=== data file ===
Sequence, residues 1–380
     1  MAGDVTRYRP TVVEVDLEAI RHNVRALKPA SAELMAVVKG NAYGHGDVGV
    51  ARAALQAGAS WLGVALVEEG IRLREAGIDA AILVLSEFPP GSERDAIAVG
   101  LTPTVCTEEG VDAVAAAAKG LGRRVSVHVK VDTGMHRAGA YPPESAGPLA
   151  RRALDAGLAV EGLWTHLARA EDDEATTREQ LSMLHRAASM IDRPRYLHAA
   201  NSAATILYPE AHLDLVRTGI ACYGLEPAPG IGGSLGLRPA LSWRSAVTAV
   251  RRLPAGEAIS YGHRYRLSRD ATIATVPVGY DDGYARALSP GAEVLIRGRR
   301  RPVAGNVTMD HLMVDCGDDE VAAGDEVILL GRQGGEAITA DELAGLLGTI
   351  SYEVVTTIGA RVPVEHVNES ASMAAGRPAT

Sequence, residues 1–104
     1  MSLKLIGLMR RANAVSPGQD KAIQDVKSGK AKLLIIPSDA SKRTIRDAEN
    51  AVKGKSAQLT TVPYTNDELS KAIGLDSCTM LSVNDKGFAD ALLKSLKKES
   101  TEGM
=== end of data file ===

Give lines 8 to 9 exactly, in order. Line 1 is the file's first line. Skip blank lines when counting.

   301  RPVAGNVTMD HLMVDCGDDE VAAGDEVILL GRQGGEAITA DELAGLLGTI
   351  SYEVVTTIGA RVPVEHVNES ASMAAGRPAT